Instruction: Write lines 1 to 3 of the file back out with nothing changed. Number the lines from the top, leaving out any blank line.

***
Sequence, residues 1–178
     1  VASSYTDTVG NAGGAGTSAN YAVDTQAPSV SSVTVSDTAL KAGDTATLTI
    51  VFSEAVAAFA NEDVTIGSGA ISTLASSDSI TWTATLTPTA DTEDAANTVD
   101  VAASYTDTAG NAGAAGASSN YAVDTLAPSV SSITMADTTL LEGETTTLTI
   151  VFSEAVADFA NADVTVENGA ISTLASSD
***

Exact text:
Sequence, residues 1–178
     1  VASSYTDTVG NAGGAGTSAN YAVDTQAPSV SSVTVSDTAL KAGDTATLTI
    51  VFSEAVAAFA NEDVTIGSGA ISTLASSDSI TWTATLTPTA DTEDAANTVD